The Third Paradigm
Chapter 3: Gift, market and patrons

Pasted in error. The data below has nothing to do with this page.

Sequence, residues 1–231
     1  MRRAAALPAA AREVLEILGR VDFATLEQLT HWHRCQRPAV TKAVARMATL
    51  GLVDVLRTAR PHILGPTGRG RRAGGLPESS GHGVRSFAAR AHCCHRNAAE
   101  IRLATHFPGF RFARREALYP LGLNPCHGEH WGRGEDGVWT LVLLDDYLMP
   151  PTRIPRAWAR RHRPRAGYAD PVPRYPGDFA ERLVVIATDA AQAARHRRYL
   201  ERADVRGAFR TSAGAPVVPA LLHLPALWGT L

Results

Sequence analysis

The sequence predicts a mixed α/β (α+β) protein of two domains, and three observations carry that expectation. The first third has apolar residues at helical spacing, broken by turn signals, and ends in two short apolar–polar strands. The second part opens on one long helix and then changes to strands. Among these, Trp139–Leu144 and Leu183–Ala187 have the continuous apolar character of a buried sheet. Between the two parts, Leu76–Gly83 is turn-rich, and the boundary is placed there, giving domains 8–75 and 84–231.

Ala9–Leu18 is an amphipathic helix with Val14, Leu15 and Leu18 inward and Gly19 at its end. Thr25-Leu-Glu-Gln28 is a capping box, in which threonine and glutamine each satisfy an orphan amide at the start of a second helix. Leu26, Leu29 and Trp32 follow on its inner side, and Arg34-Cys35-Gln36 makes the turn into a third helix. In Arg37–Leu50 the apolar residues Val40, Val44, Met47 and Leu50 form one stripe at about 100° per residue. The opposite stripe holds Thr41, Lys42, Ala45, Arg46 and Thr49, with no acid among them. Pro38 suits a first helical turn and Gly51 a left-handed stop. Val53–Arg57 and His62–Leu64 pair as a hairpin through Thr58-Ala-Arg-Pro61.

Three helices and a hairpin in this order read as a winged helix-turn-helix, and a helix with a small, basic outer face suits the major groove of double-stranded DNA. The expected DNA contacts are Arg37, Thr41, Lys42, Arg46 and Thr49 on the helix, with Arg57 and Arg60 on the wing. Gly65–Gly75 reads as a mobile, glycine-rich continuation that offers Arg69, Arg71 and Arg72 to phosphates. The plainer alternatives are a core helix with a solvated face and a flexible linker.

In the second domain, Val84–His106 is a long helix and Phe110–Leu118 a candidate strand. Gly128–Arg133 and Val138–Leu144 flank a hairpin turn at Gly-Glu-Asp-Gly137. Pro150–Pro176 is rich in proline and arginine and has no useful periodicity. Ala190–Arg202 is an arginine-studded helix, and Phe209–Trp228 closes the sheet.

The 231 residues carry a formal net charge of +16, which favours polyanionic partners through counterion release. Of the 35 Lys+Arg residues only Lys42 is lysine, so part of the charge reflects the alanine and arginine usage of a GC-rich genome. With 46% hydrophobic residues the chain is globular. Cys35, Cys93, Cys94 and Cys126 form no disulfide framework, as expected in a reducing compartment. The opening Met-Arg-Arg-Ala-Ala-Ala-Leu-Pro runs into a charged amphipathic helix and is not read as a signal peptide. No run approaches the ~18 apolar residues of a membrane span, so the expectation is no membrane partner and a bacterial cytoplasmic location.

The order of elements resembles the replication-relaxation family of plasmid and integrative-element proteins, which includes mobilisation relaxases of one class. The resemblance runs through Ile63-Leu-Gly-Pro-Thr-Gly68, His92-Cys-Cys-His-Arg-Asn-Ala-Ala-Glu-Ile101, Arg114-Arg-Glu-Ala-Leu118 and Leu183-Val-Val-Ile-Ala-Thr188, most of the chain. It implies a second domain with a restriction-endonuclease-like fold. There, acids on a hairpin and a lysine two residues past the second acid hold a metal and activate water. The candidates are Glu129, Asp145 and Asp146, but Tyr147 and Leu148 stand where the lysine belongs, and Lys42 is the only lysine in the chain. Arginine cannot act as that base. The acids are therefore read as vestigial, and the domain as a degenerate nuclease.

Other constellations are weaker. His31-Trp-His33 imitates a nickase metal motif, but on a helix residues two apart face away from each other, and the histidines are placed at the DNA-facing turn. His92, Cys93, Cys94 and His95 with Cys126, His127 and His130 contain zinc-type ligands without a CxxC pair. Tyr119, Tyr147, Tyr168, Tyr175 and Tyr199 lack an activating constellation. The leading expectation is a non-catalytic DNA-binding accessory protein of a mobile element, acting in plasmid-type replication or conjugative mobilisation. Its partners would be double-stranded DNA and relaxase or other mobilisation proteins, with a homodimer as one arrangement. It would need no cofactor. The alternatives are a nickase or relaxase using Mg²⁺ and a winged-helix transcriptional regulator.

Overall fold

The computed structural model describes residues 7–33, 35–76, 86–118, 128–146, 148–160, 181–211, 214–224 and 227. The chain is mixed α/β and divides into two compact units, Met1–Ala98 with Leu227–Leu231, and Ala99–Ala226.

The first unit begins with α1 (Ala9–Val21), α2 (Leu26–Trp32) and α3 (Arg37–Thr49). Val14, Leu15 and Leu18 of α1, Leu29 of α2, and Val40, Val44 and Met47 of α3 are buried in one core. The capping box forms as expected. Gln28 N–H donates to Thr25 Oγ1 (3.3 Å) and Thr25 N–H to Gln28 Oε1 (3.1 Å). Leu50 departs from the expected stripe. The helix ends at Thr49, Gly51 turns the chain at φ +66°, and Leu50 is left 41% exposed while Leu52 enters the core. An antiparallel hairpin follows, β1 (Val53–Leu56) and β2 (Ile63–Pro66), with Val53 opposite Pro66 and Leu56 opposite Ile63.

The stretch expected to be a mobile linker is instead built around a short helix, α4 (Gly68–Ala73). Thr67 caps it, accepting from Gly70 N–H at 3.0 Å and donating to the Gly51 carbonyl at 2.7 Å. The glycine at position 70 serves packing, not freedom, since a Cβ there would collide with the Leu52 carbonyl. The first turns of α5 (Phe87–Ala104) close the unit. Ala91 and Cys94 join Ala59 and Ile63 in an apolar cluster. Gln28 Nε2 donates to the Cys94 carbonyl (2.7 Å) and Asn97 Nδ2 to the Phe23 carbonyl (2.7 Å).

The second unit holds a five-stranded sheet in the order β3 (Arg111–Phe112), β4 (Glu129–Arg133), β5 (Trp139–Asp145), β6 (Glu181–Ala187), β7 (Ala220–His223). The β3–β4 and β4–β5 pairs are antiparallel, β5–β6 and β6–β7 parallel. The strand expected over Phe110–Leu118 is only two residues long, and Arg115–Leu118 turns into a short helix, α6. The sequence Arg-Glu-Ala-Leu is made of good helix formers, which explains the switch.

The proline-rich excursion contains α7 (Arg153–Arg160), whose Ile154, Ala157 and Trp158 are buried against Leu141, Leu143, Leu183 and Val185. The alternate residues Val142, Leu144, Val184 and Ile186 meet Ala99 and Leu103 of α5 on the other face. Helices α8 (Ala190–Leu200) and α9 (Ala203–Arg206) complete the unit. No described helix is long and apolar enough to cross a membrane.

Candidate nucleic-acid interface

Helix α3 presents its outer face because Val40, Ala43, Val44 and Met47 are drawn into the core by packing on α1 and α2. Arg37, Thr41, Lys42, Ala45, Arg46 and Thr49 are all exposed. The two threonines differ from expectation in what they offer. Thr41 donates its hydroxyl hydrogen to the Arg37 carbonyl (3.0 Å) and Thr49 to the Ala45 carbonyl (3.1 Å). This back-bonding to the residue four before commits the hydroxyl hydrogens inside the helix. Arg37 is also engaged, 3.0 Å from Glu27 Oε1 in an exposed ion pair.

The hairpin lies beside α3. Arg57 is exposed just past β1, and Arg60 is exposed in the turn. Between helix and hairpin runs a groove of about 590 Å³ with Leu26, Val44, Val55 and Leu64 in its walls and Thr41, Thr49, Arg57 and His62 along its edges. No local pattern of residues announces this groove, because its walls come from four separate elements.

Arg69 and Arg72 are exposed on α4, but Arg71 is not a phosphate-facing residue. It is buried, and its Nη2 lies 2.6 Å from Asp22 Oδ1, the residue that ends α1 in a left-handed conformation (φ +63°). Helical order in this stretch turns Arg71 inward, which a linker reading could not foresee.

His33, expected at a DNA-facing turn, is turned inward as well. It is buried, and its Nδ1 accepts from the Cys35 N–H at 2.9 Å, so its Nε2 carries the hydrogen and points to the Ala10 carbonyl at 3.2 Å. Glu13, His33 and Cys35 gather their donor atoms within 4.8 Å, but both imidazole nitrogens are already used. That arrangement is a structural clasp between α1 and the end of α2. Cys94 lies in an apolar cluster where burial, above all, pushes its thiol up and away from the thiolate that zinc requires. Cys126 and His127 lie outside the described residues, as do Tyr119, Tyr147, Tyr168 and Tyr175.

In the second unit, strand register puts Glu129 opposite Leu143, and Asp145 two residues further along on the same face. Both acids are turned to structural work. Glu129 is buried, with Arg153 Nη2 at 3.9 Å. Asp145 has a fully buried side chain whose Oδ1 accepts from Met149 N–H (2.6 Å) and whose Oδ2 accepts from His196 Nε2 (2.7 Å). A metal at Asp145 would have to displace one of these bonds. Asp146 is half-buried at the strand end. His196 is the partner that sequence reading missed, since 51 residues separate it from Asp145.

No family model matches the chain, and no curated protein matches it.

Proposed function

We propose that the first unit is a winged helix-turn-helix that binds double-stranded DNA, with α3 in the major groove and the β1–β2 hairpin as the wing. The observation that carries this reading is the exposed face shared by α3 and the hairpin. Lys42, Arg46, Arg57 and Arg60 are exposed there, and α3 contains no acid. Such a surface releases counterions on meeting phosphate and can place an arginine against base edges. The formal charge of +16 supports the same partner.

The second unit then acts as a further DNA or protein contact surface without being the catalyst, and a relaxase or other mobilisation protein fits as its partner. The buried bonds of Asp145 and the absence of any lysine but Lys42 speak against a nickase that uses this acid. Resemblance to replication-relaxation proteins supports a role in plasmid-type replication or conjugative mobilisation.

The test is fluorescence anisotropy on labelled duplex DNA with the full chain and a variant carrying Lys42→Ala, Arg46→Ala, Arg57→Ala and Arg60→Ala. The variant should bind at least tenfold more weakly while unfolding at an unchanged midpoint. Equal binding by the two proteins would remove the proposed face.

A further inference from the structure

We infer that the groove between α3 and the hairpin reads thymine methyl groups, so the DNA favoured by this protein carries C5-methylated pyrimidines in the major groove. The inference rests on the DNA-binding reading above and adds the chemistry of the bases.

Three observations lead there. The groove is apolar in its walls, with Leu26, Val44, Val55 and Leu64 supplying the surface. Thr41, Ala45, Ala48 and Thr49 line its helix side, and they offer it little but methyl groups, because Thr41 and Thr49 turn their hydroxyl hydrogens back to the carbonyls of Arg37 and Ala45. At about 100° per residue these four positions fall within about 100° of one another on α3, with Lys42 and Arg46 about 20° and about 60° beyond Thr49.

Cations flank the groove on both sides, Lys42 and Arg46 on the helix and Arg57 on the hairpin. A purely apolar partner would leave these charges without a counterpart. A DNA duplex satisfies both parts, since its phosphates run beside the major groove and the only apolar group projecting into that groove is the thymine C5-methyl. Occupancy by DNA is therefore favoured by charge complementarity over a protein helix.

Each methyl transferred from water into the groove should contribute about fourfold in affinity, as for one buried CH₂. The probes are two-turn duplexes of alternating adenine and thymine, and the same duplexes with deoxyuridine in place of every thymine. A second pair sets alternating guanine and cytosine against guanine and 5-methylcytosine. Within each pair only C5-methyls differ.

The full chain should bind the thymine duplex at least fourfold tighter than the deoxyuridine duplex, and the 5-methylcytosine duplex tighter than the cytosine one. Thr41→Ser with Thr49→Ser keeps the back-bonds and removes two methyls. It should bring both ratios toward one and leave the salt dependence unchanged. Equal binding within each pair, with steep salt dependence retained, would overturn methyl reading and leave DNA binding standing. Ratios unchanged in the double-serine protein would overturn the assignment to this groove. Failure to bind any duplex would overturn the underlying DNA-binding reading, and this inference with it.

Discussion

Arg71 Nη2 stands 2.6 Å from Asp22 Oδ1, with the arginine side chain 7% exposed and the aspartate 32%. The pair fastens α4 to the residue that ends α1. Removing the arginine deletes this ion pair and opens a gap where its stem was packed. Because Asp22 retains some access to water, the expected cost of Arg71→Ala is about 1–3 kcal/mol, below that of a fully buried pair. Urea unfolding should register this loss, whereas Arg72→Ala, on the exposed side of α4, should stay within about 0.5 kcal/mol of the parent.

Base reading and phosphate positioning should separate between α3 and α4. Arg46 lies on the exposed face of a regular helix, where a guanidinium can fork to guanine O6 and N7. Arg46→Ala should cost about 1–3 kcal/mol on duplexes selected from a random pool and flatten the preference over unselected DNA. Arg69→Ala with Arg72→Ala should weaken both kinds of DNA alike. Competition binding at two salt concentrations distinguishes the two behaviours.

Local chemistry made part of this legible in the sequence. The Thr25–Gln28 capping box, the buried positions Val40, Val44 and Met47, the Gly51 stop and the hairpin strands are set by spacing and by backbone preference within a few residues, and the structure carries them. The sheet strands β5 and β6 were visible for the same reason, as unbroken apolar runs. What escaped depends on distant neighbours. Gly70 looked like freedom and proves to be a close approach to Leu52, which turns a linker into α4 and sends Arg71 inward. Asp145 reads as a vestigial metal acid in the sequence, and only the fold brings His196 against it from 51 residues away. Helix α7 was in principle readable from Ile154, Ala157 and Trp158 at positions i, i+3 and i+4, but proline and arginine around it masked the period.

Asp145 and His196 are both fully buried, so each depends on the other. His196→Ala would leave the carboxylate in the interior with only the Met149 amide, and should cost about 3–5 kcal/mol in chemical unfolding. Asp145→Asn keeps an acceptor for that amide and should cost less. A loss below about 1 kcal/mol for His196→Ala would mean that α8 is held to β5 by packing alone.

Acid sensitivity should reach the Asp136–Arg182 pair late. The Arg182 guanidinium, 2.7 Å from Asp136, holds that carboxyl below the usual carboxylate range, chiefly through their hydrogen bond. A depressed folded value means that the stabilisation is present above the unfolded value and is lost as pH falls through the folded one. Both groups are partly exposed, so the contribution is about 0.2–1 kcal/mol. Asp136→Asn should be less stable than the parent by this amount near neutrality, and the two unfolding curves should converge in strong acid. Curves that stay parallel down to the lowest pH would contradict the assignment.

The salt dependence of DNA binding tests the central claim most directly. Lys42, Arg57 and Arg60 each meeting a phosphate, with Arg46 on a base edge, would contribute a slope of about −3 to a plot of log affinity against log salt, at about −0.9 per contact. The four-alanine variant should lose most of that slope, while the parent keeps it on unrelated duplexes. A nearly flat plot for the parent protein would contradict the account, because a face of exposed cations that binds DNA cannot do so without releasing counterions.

Where the tension between the gift and the market economy throughout the history of creativity is charted. From the time of Pindar and Simonides – and before Romanticism ignited a process of complete commodification of creative artefacts – market exchange models ran parallel to gift exchange. From Roman amicitia to Erasmian ideals of commonality and knowledge sharing, creativity has been repeatedly construed as a gift. Even at the time of the British and French ‘battle of the booksellers’, in the late eighteenth century, the rhetoric of the gift still resounded powerfully from the mists of the past to shape the constitutional moment of copyright law. After a long dominance of propertization and market exchange, the gift economy is regaining momentum in the networked society. This may suggest that the history of the tensions that have characterized the nature and the economics of creativity may present a repetitive pattern. After the post-Romantic cultural paradigm sidelined cumulative creativity and the gift economy in the discourse about creativity, we may note a newly emerging emphasis on those ideas in the networked society.
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